• You have to warm up and hydrate: Stretching before you play is essential. Not only will it help to prevent injury, it'll get you loosened up and limber. Simple exercises like squats and lunges could also get you ready for a match. Keep water handy and take breaks whenever you feel you need it. Don't push yourself; even Venus Williams needs a water break and a breather now and then.
  • You should prepare to play fetch: Bring plenty of balls along with you during your first sessions. Until you get the hang of it, you'll be shagging (tennis-speak for "chasing") tons of wayward balls that roll into the backcourt, not to mention the volleys that bounce into nearby fields, streets, parking lots, or neighbour's backyards.
  • You may need to take caution on the court: Tennis is a sport that can be adapted to the needs and ability levels of any potential player. Injuries are possible if you're not careful, and tennis elbow can occur. You should check with your doctor before trying tennis or any exercise regimen if you:
    • experience chest pain or dizziness during physical activity
    • have heart disease, high or low blood pressure, or a pacemaker
    • have rheumatoid arthritis, osteoporosis, joint replacements, or a history of chronic joint pain
    • have had surgery within the past year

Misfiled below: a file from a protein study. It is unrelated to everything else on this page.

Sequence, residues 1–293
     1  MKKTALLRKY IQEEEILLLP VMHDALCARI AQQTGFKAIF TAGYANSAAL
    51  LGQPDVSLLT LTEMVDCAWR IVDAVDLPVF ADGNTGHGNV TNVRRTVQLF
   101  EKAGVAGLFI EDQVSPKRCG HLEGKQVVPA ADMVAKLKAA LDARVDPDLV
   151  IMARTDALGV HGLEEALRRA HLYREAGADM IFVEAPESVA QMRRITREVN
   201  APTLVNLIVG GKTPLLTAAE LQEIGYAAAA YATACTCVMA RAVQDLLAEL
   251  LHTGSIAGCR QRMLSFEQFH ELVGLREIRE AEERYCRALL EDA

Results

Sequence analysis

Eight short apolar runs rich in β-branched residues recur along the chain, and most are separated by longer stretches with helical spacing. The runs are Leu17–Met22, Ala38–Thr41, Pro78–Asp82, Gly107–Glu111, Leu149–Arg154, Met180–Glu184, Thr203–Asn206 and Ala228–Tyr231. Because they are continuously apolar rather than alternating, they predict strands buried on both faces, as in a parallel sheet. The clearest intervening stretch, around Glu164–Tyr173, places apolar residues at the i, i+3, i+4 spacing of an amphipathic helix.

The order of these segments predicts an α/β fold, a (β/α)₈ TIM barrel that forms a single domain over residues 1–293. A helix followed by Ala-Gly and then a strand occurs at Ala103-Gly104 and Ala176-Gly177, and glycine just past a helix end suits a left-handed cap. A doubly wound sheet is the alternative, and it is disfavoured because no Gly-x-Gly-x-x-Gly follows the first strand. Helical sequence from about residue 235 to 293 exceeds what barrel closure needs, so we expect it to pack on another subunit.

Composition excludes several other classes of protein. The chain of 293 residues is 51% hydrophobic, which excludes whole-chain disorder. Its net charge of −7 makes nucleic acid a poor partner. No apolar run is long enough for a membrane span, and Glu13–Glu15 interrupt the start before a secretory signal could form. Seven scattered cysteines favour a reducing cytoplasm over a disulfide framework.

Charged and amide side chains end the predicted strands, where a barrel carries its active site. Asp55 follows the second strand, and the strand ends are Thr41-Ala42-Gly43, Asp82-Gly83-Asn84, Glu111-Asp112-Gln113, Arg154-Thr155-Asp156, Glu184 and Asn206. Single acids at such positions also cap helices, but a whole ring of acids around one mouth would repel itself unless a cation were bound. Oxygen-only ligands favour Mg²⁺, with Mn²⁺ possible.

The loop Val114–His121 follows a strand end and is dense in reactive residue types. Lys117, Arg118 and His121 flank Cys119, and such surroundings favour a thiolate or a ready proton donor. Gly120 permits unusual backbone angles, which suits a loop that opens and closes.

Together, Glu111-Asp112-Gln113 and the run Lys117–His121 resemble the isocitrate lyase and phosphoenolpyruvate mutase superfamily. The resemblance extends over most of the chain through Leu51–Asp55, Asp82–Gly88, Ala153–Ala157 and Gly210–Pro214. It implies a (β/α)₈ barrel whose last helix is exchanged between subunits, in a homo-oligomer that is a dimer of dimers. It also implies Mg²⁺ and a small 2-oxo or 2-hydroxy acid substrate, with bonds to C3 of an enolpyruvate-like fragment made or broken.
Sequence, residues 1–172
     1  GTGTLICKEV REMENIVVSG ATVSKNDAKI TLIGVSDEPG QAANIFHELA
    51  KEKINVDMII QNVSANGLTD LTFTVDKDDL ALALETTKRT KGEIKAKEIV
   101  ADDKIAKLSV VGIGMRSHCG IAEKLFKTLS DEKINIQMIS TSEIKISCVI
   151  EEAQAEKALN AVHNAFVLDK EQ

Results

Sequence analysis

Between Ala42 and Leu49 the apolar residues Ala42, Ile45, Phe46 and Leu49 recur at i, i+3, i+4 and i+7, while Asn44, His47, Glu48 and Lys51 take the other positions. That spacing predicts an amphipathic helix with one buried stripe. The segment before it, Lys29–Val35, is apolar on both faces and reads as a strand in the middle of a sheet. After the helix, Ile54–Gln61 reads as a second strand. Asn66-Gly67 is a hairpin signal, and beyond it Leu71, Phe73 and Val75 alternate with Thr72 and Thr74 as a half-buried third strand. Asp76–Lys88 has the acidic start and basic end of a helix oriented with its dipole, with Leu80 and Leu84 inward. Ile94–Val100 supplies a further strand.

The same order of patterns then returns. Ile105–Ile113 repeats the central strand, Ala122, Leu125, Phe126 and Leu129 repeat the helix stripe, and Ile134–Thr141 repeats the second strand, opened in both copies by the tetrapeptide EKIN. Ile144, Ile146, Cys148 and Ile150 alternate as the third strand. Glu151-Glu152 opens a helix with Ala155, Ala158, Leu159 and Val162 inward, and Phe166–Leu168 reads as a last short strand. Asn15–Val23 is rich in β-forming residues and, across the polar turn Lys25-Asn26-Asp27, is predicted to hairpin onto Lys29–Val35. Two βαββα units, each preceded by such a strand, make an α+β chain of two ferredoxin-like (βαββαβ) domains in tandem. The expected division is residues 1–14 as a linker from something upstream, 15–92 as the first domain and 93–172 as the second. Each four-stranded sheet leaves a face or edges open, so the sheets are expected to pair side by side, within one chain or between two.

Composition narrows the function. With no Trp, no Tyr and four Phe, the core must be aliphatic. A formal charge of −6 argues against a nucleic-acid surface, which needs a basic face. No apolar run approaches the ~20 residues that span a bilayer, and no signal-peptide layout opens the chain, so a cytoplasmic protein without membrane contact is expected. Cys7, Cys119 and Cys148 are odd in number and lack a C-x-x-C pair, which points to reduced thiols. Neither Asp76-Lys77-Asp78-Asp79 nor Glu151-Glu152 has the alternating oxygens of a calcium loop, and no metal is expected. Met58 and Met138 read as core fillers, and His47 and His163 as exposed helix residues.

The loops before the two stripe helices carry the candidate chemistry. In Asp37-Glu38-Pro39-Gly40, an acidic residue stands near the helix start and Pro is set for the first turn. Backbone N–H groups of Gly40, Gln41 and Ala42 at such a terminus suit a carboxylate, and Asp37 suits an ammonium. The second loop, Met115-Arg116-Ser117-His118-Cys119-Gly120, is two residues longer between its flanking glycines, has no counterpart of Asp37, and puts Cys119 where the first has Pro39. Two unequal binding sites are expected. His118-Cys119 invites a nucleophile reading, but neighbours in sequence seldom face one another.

What you need for tennis

  • Tennis balls: As mentioned above, bring lots of them! Those little balls of felt, rubber, and air can really bounce.
  • Racquet: Racquet choice is subject to personal preference. The size you choose may depend on your own size, especially when it comes to the racquet's "grip." Beginners often opt for racquets with a larger "head." A larger head offers you a larger "sweet spot," the name for that area on a racquet that gives you the best wallop and power. Smaller framed racquets offer more precision, while longer racquets give you more reach. The longer the reach, though, the tougher it can be to control the racquet.
  • Shoes: Tennis can be rough on your feet and on the shoes you choose. If you're simply playing for fun and fitness, just choose shoes that feel comfortable and offer some shock absorption and support to your ankles.
  • A court: Lots of public parks have tennis courts, as do gyms and community centres.
  • A partner: If you enjoy playing or practicing alone, you can always play or practice against a wall. Otherwise, true tennis takes at least two players. Grab three friends and make it a doubles match. The thing about tennis is you and your opponent or partner are in it together. Tennis is like dancing - it relies on the back-and-forth rhythm that you create with your opponent.

Inspiration to get you going

  • "A perfect combination of violent action taking place in an atmosphere of total tranquility." - Billie Jean King
  • "Tennis and golf are best played, not watched." - Roger Kahn
  • "The ideal attitude is to be physically loose and mentally tight." - Arthur Ashe
  • "Sometimes you must make errors in order to make progress." - Justine Henin

Amy Toffelmire